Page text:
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What Household Item Is the Best Insulator?

A properly insulated home is an energy saving home. However, the cost of insulation may sometimes be a bit more than your budget can handle. You don’t have to spend a fortune to insulate your home -- you may already have an arsenal of household insulation materials that you can use. Put these items to work to help lower your energy usage and heating and cooling costs.
  1. Food Shrink Wrap

    • Common clear shrink-wrap that you use to wrap foods can perform double-duty as an insulation material. This low-cost solution can provide a good alternative to spending money to purchase window film. Stretch the shrink-wrap from the top to the bottom of the windowpanes, and then stretch it from side-to-side, covering the gaps in between the window and the casing. Then use duct tape to adhere the shrink-wrap to the wood or metal of the windows. Cut the duct tape into thin strips so the look won't be obtrusive.

    Wool and Denim

    • Manufacturers use wool and denim to produce home insulation materials, and you can do the same. Natural fibers are used to create roll-on insulation and loose fill insulation. Take your too-tight-to-fit jeans and too-small-to-wear wool sweaters and create an insulator to keep cold air from infiltrating underneath doorways. All you have to do is stuff the pieces snugly against the door to serve as insulation, and then slide them into a corner when you need to open the door.

    Plastic Garbage Bags

    • Just as shrink-wrap is a good way to insulate from cold winds, plastic garbage bags are common home items to use to insulate windows from hot summer sunlight. The darker the bag, the better it will block out the sun. While you may not want the look on main windows of your home, it can work well for windows on the backside of the home or for attic or basement windows. You can cut the bags down the center and spread them out, and then tape the bags to the windowsills.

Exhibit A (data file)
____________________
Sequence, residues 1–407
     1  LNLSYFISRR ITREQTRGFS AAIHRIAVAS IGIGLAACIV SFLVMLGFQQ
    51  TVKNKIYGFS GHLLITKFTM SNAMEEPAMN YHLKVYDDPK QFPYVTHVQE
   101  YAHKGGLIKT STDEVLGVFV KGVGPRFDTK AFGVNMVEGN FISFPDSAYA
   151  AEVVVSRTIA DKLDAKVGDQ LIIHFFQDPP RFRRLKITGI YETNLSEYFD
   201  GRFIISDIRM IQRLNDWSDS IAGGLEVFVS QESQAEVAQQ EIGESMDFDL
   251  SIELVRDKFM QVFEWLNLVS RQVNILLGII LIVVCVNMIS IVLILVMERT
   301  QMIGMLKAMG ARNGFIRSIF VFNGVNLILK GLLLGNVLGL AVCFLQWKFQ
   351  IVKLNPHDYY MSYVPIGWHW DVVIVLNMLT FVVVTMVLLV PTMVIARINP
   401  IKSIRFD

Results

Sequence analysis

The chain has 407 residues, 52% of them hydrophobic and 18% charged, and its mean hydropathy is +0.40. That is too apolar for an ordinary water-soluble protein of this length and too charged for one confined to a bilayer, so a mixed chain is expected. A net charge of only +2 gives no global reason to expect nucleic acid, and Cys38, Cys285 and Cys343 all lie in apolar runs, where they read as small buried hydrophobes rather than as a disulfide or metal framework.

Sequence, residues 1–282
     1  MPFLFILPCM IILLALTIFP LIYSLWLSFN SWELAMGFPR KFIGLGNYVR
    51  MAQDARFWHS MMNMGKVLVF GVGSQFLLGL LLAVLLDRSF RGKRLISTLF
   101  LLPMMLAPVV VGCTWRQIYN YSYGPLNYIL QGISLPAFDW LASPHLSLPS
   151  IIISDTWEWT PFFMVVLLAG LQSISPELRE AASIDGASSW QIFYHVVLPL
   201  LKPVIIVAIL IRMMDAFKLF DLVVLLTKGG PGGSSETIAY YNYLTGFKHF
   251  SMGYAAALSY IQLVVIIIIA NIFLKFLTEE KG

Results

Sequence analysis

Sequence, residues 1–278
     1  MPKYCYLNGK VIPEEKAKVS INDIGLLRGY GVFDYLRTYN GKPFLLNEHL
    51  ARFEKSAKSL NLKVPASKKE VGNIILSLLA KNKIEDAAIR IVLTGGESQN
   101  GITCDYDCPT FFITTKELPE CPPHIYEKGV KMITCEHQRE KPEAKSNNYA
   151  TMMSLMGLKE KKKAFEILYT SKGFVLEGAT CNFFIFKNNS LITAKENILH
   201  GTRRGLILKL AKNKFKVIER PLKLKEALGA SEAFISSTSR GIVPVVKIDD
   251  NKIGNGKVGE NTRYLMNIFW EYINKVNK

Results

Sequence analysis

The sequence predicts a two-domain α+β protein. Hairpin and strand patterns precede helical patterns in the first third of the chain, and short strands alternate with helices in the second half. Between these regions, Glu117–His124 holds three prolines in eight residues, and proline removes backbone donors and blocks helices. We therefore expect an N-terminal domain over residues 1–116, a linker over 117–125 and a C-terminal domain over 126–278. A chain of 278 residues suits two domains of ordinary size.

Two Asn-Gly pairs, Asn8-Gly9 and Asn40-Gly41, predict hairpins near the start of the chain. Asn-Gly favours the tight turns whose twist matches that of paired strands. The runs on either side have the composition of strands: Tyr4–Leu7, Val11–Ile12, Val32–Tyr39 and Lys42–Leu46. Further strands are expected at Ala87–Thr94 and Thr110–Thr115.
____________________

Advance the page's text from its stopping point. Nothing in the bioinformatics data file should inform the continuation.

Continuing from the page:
Duct Tape

    • Duct tape can be used quickly and effectively to seal off unwanted drafts in a number of places. You can cut strips to seal up air gaps along light switch plates and cover up unused electrical outlets. If you have a door mailbox, seal it up with duct tape to help keep the cold air from flowing into your home during winter months. Attach a small box to the front door for your mail carrier to insert your mail until warmer weather arrives and you can unseal your mail slot.

    Curtains and Sheets

    • Turn your curtains into team players in your fight to stop drafts in winter and reduce solar heat during the summer. You can sew old sheets to the backs of curtains to mimic block-out style curtains without having to purchase them and putting a dent in your budget. Even if the sheets or curtains that you use are light in color instead of dark, the extra layer will add a second insulation barrier from wind and sunlight. You can even use sheets and remnants of fabrics to create curtain ties to draw the curtains together to help block heat from sunlight in summer, or to let the sunshine in on cold but sunny winter days.


    • Newspaper is another on-hand household item you can use to block drafts. Roll up the newspaper and use rubber bands to keep them secure. Then place the newspaper rolls at the bottom of doorways to block drafts. You can keep a jar or box next to the door to store them when you need to exit or open the door.